"How wind ye my Hearts of Gold?"

— Dunton, John (1659-1732)

Place of Publication
Printed for Richard Newcome
"How wind ye my Hearts of Gold?"
Metaphor in Context
And therefore now I began to grow weary of the Life I led, and believ'd it was high time to think of departing. And no wonder! I was so soon on another Frollick, for a wandring Humour found me out as I lay Capering in the Winding-Chambers of Nature, even there I lay forming Idea's of long Voyages, and New Worlds; and perhaps too grunting out, (for 'tis pure Charity to lend a Crutch to a lame Conceit.)

Bout-Ship, Stedy! Stedy! Hard-up! Hard-a-weather! How wind ye my Hearts of Gold? East? or West, and by Nore?

Some say I was no sooner born but my Eyes had Language, and my Looks were offering at Discoveries.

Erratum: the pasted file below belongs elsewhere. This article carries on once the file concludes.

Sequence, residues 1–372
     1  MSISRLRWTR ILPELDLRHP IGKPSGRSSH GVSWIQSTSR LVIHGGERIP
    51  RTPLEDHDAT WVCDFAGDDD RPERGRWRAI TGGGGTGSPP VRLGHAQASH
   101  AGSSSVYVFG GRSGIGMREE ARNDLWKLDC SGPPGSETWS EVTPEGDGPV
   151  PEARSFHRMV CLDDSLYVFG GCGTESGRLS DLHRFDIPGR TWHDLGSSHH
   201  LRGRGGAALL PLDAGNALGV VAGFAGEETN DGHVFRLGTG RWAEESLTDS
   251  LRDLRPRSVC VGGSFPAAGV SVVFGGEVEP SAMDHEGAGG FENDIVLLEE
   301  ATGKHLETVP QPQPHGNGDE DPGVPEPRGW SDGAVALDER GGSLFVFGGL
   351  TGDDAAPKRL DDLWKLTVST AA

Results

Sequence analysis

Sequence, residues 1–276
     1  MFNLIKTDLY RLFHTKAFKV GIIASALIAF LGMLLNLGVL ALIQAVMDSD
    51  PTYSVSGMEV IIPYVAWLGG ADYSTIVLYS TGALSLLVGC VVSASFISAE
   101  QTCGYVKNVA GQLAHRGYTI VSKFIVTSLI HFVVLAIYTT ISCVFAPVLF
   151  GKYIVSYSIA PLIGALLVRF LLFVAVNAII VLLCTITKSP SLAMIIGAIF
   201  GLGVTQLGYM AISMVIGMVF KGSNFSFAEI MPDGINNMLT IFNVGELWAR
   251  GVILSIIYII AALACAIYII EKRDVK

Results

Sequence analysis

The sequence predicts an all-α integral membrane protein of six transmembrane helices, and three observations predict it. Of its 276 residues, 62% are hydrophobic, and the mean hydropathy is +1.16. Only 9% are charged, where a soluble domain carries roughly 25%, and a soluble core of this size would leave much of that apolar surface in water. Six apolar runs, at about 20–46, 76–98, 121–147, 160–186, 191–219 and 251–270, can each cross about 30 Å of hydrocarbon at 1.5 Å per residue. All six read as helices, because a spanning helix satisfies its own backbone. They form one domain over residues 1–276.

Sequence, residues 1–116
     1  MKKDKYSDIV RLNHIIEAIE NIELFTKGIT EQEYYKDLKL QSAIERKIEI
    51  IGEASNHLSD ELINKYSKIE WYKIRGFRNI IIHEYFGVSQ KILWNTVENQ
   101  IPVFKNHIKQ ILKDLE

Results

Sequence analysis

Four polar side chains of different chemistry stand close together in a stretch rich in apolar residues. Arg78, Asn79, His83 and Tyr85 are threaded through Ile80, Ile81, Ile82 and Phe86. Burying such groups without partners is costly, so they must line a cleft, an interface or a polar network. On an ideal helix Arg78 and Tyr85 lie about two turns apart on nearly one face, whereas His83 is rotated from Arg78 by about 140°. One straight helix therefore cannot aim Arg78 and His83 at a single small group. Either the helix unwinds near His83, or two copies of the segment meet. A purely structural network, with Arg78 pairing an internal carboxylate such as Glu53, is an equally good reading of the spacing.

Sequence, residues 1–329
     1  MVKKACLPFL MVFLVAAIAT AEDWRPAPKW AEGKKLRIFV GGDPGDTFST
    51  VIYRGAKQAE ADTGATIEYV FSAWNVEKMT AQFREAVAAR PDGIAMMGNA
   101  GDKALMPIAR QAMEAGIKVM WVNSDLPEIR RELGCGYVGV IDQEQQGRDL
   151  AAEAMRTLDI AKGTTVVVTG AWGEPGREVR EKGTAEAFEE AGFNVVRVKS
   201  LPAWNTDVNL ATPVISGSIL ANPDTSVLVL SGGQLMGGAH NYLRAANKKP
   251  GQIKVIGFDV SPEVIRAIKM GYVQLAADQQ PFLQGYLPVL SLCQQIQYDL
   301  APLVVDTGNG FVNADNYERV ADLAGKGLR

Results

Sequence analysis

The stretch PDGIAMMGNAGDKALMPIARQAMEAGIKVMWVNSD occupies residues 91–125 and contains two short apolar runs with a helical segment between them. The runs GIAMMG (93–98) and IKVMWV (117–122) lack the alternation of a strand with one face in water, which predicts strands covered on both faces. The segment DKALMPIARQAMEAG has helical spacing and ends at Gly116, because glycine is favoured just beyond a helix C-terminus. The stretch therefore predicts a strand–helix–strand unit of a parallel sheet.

(III, p. 355)
C-H Lion
John Dunton, A Voyage Round the World: or, a Pocket-Library, Divided into several Volumes. The First of which contains the Rare Adventures of Don Kainophilus, From his Cradle to his 15th. Year. The like Discoveries in such a Method never made by any Rambler before. The whole Work intermixt with Essays, Historical, Moral and Divine; and all other kinds of Learning. Done into English by a Lover of Travels. Recommended by the Wits of both Universities. 3 vols. (London: Printed for Richard Newcome, 1691). <Link to EEBO-TCP>
Date of Entry

The Mind is a Metaphor is authored by Brad Pasanek, Assistant Professor of English, University of Virginia.